Caffeine fuels many of our days, but an even bigger energy source may be the grounds themselves. A new waste-to-gas technology, originally developed by NASA for powering lunar bases, is being adapted to turn enormous amounts of coffee waste (paper, burlap sacks, plastics, and biomass) into clean energy.
Green Mountain Roaster, a supplier to multinational corporations such as Starbucks and McDonald’s, is taking the first steps to demonstrate that the concept works with its own waste. "Syngas," a molecular cousin of natural gas which can burned to produce highly efficient electricity and heat, or used to power vehicles, is created by breaking down raw biomass into useful fuels. The basic concept, known as "torrefaction," is not all that different from turning any "bulky, water-saturated material," raw biomass, into combustible fuel perfect for coal-fired power plants.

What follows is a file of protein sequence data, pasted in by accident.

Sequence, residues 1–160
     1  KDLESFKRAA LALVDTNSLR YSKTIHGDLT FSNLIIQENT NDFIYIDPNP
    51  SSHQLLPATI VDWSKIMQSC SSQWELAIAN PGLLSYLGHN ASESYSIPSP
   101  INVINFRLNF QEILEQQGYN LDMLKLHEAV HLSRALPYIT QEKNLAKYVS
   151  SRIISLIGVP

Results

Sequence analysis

It fact, it’s very similar to roasting coffee beans. Material is heated to around 572 degrees in an airless chamber. The dry, energy-rich powder (similar to the creation of biochar) can be made from plant materials such as willow, poplar, perennial grasses, and wood waste from sawmills, according to researchers at the U.K.'s University of Leeds.
The process still has kinks. One major one is that the torrefied powder can explode in storage. There is not a cheap, existing distribution network enjoyed by oil, gas and coal. But the U.S. Environmental Protection Agency has already targeted millions of acres of brownfields and abandoned industrial sites for growing energy crops on marginal land to usher in the day when biomass will not be waste, but energy.